Quiksilver (NYSE:ZQK) announced January 3 that it had finally found the right person to lead its trio of global consumer brands into the future. Although it had been searching for a CEO to succeed co-founder Bob McKnight for a year now, I don't think anyone who follows the company quite expected the caliber of hiring. Andy Mooney takes over as CEO Jan. 13 after 11 years at Disney's (NYSE:DIS) consumer products division and before that, 20 years at Nike (NYSE:NKE), including a stint as Chief Marketing Officer. At age 57, he's got the perfect resume to take Quiksilver to the next level. Investors loved the news, sending its stock up 18% over two subsequent days of trading. Will the euphoria last? I'll have a look.

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If you've followed Quiksilver's demise and rebirth over the last few years then you're no doubt well aware of how its stock price found itself below a dollar in March 2009. For those unfamiliar, Quiksilver acquired ski maker Rossignol for $320 million in 2005. Two years later following large losses, it sold Cleveland lf (acquired with Rossignol) for $133 million and then Rossignol in 2008 for approximately $50 million. Generating a $137 million loss on the purchase price as well as three years of income statement losses was a big deal. The losses, however, weren't the biggest problem. The real killer was the debt it piled on to make the acquisition in the first place. It had $163 million in long-term debt as of October 2004; one year later after acquiring Rossignol it had ballooned to $640 million. Taking its focus away from its Quiksilver, Roxy and DC Shoes brands, it was clear from the beginning that it had made a serious mistake. Seven years later and it's still wriggling its way out of its self-inflicted mess.

What's Mooney Inheriting?
Quiksilver is a business that's firing on enough cylinders to generate an operating profit in fiscal 2012, but little else. As I indicated above, it has an unbelievable amount of total debt, finishing the fiscal year with $758 million and interest payments of $61 million, ensuring its sixth consecutive year with a loss. In the go-go years a decade ago, Quiksilver routinely generated double-digit operating margins. Today, it's lucky if it can hit 3%. Although revenues are growing, it's at the expense of gross margins and profitability. If it wants to get back to better days, it's going to have to do a better job of inventory management, not to mention selling more merchandise at full price. Promotional selling is killing profitability. Mooney has his work cut out for him that's for sure.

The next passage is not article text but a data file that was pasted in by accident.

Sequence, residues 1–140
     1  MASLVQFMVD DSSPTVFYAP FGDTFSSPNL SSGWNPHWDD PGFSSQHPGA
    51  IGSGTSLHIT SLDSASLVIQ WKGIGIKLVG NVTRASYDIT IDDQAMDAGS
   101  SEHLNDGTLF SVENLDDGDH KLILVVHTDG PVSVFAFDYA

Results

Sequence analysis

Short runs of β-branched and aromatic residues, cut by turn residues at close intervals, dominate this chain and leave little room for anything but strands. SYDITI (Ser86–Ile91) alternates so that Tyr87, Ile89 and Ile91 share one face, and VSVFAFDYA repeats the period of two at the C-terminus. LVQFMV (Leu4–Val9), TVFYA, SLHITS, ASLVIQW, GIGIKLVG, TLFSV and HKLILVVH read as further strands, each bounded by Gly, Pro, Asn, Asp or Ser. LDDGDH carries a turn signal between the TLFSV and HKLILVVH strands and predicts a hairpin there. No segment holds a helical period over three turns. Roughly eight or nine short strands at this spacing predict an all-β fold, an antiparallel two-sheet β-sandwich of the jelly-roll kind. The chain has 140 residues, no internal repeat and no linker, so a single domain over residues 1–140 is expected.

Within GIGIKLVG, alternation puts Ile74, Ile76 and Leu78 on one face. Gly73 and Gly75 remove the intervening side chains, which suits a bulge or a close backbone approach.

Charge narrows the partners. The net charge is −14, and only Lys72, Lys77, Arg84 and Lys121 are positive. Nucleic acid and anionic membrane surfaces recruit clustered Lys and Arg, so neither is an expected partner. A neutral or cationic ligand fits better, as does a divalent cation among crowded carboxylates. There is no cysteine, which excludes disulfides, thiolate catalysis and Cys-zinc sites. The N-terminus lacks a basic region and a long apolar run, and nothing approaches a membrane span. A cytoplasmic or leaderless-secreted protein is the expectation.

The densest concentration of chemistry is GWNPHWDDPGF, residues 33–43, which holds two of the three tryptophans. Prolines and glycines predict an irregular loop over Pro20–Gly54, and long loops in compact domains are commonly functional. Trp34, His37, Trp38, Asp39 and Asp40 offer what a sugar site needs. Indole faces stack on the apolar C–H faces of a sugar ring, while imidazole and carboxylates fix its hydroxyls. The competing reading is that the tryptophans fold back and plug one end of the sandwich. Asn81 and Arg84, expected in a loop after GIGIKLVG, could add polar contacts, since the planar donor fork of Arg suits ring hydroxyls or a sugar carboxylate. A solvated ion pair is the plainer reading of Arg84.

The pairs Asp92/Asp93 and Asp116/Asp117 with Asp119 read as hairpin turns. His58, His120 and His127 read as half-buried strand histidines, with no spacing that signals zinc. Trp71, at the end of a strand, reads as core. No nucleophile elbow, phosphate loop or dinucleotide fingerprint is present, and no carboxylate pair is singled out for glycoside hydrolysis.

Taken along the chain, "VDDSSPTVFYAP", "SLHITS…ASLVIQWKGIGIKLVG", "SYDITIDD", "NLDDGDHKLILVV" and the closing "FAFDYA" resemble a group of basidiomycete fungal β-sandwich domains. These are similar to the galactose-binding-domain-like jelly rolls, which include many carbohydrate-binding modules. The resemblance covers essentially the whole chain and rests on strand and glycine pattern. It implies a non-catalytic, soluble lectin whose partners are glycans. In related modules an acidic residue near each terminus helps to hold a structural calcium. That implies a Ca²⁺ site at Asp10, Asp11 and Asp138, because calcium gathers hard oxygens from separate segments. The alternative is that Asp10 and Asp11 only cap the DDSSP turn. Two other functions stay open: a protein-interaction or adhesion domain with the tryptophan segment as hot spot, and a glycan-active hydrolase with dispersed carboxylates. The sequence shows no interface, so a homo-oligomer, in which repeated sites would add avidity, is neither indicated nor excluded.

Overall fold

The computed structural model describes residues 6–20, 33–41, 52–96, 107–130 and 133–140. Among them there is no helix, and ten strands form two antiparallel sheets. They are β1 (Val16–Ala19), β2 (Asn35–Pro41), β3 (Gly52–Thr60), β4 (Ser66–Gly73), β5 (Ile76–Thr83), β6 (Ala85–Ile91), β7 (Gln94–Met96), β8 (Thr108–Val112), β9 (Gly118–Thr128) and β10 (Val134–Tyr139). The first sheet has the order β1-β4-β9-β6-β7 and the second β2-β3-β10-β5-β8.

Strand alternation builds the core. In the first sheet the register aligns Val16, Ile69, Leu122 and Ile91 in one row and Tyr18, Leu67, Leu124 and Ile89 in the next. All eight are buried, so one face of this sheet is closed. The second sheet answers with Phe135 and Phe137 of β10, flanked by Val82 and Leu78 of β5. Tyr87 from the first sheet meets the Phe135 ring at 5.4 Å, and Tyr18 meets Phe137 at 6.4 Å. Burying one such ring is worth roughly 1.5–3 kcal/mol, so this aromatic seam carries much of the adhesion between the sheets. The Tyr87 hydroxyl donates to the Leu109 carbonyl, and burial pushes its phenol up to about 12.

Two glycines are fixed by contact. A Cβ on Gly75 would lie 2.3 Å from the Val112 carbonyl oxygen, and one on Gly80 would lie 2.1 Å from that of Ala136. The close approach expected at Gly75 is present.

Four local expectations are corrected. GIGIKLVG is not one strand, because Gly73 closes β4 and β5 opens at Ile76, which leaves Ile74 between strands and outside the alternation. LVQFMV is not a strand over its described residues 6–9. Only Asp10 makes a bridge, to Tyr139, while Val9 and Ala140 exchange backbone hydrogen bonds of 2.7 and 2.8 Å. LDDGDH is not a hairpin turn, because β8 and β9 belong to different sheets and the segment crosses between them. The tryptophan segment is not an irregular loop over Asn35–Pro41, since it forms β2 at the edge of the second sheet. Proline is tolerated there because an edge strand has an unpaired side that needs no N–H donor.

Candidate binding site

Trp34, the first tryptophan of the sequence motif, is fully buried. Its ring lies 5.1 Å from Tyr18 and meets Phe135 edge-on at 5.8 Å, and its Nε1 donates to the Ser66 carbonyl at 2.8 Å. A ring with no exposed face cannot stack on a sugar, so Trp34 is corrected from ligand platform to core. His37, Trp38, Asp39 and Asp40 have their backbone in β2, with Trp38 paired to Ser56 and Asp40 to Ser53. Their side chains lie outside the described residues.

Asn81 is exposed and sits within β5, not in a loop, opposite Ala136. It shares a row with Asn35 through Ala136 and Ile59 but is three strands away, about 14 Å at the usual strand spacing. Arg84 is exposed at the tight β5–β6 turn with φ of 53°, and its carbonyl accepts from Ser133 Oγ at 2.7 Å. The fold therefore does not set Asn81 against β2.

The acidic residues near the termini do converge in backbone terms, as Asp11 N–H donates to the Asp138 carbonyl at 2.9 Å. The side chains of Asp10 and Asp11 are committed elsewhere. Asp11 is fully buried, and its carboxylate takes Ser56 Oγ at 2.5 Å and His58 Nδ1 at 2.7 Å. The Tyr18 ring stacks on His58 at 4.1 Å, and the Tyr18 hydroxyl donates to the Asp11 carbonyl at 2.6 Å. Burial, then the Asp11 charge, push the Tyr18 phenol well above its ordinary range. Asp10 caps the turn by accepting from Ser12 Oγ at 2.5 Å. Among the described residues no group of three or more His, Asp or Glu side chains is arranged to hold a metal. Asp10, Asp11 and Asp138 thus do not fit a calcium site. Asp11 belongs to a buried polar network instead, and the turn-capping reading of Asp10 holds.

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Bright Spots
In its Q4 conference call it mentioned that its DC brand sell-through at JC Penney (NYSE:JCP) was doing very well. In fiscal 2012, DC increased revenue by 12% year-over-year to $594 million. Five years earlier DC's annual revenue was $365 million, suggesting a compound annual growth rate (CAGR) of 10.2% during that time. Both Roxy and Quiksilver have seen revenues shrink in the same five-year period. Quiksilver paid a total of $137 million for DC Shoes in March 2004 - $87 million in cash and stock plus the assumption of $10 million in debt and $40 million in performance target payments over four years - which in hindsight is a great deal given its growth since its acquisition. Mr. Mooney will want to keep growing this brand internationally.

Although Quiksilver's Asia/Pacific and Americas regions both had double-digit revenue increases in 2012, it was Europe that provided the most pleasant surprise increasing 1% year-over-year on a constant currency basis; in the process it took market share from weaker competitors. If it can continue to hold the line in Europe until the economy there recovers, its top-line growth globally should be impressive.

Lastly, its e-commerce business grew 155% to $87 million in fiscal 2012. More importantly, its online sales represent 19.2% of its $454 million in retail sales, 510 basis points (BPs) higher than what Ralph Lauren (NYSE:RL) generated online in fiscal 2012. Sure, its dollar value ($480 million) was higher but not as a percentage of retail sales, which is how the industry objectively rates a brand's e-commerce business. With profit margins higher online than in physical retail locations, the doubling of revenues in each of the next few years will be very helpful to its overall profitability.

SEE: Is Online Shopping Killing Brick-And-Mortar?

Bottom Line
Andy Mooney's inheriting a business with three strong brands in reasonable shape except for the company's debt. Its $265 million in European senior notes, which aren't due until Dec. 15, 2017, come with an 8.875% interest rate. With the notes accounting for 35% of its debt, the sooner it can reduce its annual interest cost, the better. Given Mooney's experience, I see no reason why he can't whip Quiksilver into shape over the next couple of years and then sell it to his former employer (Nike) or VF Corp (NYSE:VFC). Both can afford to buy it many times over and both already compete with Quiksilver.

If you're a patient investor, I don't see why you can't double your money within 18-24 months.

At the time of writing, Will Ashworth did not own any shares in any company mentioned in this article.

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